The Hottest Vehicles of the 2014 SEMA ShowSEMA annually recognizes four vehicle models that specialty-equipment manufacturers believe are the best platforms for accessorization and that showcase the year’s coolest products. The awards are presented on the first day of the SEMA Show based on the total number of vehicles chosen for display in exhibitor booths at the annual event. Each booth vehicle represents a vote by the exhibitor. The SEMA Award honors are presented in the categories of Hottest Car, Hottest Sport Compact, Hottest Truck and Hottest SUV.
The banner at the top of the RCTS Canada website reads, “Technology is the only substitute for cubic inches.” It’s a saying that the retail performance outlet has lived by since owner Reg Riemer founded it in 1996. Over the years, RCTS has worked closely with factory shops ranging from TTE-Toyota Team Europe to HKS to boost its technical and R&D credentials. In fact, RCTS has carved out a specific niche as the only licensed, fully supported HKS Pro Dealer in all of Canada. “Reg actually started by selling HKS products out of his garage way back,” explained shop foreman Antony Ray. “Soon he had to get a building to sell them out of, and things grew.
The New Products Showcase at the SEMA Show is a hotbed of creativity each year. Attendees flock to the display cases to learn about the latest developments in everything from street-performance, racing and off-roading to mobile-electronics, interior and exterior products. The cases are stocked before the Show opens, and a widely diverse panel of automotive professionals scrutinizes each offering before selecting a chosen few for industry honors.
A car’s electrical system can be a challenge for a do-it-yourself hobbyist. That’s why car magazines—for about as long as there have been car magazines—have covered the topic to help enlighten shade-tree mechanics. For instance, Hot Rod magazine published an article in its June 1963 issue called “Wiring Made Easy” to illustrate the basic tools, hardware and steps needed to wire a hot-rod project. But the car in the opening photograph wasn’t just any hot rod. The subject car was the XR-6—a futuristic, built-from-scratch roadster that was the brainchild of Hot Rod’s LeRoi “Tex” Smith to “investigate the uses of modern ideas in hot-rod design,” as Smith described it. The XR-6 would go on to appear on the cover of Hot Rod’s August 1963 issue and also nab the coveted America’s Most Beautiful Roadster award at that year’s Oakland Roadster Show.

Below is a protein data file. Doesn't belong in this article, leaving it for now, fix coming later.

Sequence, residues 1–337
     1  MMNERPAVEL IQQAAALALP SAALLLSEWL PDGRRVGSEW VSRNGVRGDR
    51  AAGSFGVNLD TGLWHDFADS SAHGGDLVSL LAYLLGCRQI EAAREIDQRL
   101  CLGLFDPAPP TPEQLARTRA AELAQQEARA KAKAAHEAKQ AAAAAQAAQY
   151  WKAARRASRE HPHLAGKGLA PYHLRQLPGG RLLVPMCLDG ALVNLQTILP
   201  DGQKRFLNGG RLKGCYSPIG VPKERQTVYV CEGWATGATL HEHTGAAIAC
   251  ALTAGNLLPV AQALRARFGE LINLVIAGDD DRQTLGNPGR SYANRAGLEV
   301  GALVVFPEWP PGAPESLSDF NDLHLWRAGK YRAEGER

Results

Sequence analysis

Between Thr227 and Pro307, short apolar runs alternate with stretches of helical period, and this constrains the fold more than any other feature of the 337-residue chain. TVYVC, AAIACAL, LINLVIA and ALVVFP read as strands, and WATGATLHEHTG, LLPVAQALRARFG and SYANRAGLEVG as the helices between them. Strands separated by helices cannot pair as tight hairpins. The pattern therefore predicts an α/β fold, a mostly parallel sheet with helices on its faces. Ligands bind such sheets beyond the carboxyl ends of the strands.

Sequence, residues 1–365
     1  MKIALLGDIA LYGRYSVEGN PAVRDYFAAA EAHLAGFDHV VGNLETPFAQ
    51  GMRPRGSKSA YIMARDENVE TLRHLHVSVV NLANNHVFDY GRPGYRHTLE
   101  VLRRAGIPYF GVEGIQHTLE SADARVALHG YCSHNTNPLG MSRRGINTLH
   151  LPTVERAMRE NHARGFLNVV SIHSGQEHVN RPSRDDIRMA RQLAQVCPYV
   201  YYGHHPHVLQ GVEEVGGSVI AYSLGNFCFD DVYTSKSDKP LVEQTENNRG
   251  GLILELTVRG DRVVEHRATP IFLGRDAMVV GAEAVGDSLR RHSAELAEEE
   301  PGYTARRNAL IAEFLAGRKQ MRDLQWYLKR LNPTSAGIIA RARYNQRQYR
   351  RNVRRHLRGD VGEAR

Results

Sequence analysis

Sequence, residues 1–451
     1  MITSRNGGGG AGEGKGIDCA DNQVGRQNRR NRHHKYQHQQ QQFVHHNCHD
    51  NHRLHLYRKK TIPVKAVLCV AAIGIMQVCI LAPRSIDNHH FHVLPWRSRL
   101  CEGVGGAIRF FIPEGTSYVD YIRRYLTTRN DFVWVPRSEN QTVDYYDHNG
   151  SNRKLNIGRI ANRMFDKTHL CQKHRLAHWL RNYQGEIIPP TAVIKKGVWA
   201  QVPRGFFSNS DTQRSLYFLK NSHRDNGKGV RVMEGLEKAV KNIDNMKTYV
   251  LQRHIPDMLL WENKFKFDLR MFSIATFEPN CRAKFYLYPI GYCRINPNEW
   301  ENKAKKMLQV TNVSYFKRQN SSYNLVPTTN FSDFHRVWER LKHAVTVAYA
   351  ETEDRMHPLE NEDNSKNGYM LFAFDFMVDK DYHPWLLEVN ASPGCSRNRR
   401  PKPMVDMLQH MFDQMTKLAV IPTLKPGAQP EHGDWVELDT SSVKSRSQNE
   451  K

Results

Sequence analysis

It will be no surprise to those who attended: The 2014 SEMA Show bounced off the rev limiter like a street machine on nitrous, posting historic levels of attendance, exhibitor numbers and total footprint. Growth is good, but the key measure of success will always be to create a comprehensive marketplace where quality exhibitors can do business with quality buyers. In that regard, it seems that the 2014 Show served well as a springboard for success for most in the industry in the coming year. As usual, we’ll be doing research to quantify what worked and what is changing as well as soliciting new ideas and ways to improve. To those of you who returned our post-Show survey, we extend our sincerest thanks in advance for your thoughts and comments.
SEMA members that have taken advantage of a 2011 Market Development Cooperator Program (MDCP) grant of $500,000 awarded to SEMA have reported $52.68 million in export sales. The funds provided by the U.S. Department of Commerce through this program have helped support projects aimed at increasing U.S. exports to key markets overseas.
Journalists are invited to sit down in private, uninterrupted meetings with executives representing some of the top motorsports parts producers in the business during the 2015 MPMC Media Trade Conference. The conference, which takes place Tuesday–Thursday, January 20–22, 2015, at the Embassy Suites Orange County Airport North in Santa Ana, California, features companies that are members of SEMA’s Motorsports Parts Manufacturers Council (MPMC).
Earlier this year, antivirus king Symantec sent shockwaves through the business community with the statement that antivirus software was “dead”—leaving businesses wondering, now what? Symantec dropped the bombshell to make a point: These days, a PC armed with a good firewall and some topflight antivirus software is simply no match against a sophisticated, determined hacker. The reason: The number of new viruses unleashed on the public every day can be as many as 200,000, according to Kapersky Lab, a computer security firm.